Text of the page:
Government crackdown on rogue landlords

On Monday, the government announced that they will use the Housing Bill to crack down on rogue landlords. They published a raft of new, tough measures.

Disappointingly, this was wrapped up with some pretty objectionable plans to ‘make Britain an even harder place for illegal migrants’. We have already spoken out against these plans – and many others have warned that they will lead to discrimination and homelessness.

This angle was particularly frustrating, as buried underneath the angry rhetoric … Read more

A tax on both your (privately rented) houses

Wednesday’s budget furrowed many a brow at Shelter. The Chancellor singled out housing support for substantial cuts. A lot of the people who come to Shelter for help are about to find themselves worse off – and our job just got tougher.

However, amidst this frustration there were some sensible tax reforms that deserve an honourable mention.

1. Raise the Roof

The Budget raised the tax-free threshold for the rent-a-room scheme.

This scheme was introduced in 1992 to offer … Read more

A rent cap in name only

This blog was originally published as part of #BeyondtheBallot the Huffington Post UK’s alternative take on the UK General Election 2015. Visit the website to see the original post and join the debate.

A year ago to the day, Ed Miliband announced that a future Labour Government will legislate to make long-term tenancies the legal default. After calling for stable renting since 2012, Shelter welcomed this turning point.

On Sunday, this was repackaged a ‘cap on rents’.

Cue hysteria. … Read more

37 days to win the election; 100 days to make it count

Yesterday, the General Election 2015 officially launched.

Over the next 37 days we can expect plenty of bold statements, lots of partisan accusations and endless footage of battle buses and rolled-up sleeves. The fight to win over the UK’s 42 million voters is well and truly on.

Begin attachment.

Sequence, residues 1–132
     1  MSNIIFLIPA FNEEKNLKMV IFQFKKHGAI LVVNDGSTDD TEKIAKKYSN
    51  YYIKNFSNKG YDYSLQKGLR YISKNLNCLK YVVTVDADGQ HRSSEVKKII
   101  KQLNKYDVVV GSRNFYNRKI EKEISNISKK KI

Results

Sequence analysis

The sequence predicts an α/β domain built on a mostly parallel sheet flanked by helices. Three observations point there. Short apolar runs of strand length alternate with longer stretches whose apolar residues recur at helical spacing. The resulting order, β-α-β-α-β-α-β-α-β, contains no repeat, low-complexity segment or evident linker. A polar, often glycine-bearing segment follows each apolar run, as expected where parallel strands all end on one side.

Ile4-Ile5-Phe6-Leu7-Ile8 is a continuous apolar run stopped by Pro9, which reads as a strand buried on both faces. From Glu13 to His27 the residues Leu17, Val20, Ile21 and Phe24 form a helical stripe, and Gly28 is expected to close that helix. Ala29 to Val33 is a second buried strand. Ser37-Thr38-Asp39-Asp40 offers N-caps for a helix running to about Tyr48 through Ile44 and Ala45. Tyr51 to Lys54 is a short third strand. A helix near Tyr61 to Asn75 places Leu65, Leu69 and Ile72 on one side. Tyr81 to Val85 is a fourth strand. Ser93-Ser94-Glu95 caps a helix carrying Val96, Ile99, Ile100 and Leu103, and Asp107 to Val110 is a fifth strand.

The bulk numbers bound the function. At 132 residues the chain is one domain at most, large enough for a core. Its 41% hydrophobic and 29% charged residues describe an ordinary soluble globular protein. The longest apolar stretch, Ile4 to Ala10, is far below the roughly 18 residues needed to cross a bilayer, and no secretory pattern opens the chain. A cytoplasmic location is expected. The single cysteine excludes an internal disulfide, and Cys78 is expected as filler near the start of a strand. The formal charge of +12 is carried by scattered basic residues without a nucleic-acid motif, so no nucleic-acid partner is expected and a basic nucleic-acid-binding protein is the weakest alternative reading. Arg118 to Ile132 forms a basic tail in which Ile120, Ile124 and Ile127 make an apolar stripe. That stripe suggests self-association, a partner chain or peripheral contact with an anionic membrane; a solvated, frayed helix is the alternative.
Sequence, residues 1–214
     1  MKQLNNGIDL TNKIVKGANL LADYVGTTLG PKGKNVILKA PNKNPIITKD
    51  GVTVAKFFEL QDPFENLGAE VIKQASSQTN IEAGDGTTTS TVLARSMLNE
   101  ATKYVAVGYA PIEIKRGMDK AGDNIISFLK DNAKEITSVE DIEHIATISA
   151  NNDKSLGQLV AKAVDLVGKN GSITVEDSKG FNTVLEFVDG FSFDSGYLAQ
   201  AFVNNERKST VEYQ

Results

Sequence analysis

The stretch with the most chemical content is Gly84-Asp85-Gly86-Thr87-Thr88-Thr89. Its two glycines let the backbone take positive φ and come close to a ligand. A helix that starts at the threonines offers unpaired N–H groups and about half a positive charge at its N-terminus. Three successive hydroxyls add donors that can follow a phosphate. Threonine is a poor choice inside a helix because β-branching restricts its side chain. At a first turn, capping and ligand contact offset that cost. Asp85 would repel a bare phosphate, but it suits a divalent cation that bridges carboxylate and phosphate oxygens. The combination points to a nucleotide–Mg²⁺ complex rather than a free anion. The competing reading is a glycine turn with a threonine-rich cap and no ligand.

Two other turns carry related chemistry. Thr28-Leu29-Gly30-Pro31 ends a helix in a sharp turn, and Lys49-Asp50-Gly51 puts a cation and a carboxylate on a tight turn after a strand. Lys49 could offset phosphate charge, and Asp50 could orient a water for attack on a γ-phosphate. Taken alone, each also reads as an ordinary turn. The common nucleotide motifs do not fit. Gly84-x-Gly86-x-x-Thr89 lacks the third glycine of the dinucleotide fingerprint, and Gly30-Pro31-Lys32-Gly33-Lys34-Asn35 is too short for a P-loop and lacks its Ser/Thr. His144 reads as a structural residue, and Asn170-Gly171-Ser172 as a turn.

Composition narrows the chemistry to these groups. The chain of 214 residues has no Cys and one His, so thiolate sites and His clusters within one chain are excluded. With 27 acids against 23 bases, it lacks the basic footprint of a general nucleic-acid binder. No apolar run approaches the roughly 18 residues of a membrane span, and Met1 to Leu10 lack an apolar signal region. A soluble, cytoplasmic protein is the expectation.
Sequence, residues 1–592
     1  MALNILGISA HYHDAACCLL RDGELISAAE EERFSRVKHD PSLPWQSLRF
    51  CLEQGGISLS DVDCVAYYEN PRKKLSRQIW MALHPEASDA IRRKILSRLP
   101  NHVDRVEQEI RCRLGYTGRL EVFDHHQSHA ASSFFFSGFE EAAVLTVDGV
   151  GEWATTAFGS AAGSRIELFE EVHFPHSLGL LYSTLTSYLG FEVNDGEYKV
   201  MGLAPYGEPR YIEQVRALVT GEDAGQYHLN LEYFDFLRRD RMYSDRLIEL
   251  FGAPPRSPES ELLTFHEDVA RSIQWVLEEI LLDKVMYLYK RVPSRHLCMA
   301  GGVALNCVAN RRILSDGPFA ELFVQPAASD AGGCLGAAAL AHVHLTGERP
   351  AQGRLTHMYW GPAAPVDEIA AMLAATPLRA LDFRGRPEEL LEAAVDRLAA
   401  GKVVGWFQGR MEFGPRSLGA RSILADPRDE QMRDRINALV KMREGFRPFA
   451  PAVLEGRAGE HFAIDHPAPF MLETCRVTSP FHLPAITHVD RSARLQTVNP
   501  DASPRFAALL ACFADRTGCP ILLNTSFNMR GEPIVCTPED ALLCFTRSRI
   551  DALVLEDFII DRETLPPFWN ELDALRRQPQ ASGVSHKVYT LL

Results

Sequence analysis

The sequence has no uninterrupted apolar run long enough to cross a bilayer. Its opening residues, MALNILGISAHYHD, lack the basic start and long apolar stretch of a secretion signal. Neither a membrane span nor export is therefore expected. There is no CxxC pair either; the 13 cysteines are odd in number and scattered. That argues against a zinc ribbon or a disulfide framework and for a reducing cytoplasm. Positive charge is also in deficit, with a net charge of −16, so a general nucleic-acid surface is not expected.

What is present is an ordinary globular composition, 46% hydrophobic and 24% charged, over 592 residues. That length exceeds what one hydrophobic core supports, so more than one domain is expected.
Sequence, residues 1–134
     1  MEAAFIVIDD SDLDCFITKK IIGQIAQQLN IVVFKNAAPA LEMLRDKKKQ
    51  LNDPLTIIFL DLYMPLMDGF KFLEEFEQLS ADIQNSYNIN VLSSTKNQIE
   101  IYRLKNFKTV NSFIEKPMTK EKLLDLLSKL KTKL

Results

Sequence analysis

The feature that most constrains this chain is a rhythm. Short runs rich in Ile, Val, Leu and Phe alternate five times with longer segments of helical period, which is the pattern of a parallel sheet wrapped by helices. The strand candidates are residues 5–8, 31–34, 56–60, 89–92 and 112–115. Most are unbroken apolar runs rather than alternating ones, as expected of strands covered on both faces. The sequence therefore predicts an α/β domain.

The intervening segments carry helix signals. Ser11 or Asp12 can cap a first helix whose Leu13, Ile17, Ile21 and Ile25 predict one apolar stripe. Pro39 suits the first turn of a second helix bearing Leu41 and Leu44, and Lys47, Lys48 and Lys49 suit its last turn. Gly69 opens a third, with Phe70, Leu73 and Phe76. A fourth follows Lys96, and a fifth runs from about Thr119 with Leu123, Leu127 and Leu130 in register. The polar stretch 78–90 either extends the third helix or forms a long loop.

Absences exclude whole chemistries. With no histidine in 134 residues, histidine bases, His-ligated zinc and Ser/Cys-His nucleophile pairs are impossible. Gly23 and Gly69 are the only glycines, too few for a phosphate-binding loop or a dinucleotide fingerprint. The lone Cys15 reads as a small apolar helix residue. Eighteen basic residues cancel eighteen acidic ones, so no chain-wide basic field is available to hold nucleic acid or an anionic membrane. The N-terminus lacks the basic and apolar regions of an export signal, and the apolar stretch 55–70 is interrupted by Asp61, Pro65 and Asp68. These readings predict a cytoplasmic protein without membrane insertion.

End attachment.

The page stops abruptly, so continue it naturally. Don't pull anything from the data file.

If politicians are clever, they’ll talk about fixing our housing crisis. Voters in the marginal seats – those key seats that will decide the outcome of the general election – are more likely … Read more

A year to change the law

Two weeks ago, the Prime Minister gave a speech about housing. You may have noticed that Shelter had a lot of opinions about that speech…

But amidst the detail on Starter Homes, David Cameron proudly announced that his government are putting an end to revenge eviction:

“What’s more, we are outlawing ‘retaliatory evictions’, so tenants don’t face the prospect of losing their home simply for asking that repairs be made.”

And today, they did just that. The Deregulation BillRead more

Are the government about to make it even harder to introduce selective licensing?

An article in last night’s Evening Standard and a draft Statutory Instrument (SI) published last week detail major changes to selective licensing. Licensing is a key tool that councils can use to improve their local private rented sector.

This has happened very suddenly. And with just three weeks left until the end of the Parliament, it will progress at lightning speed.

With this in mind, I have done my best to unpick what we know.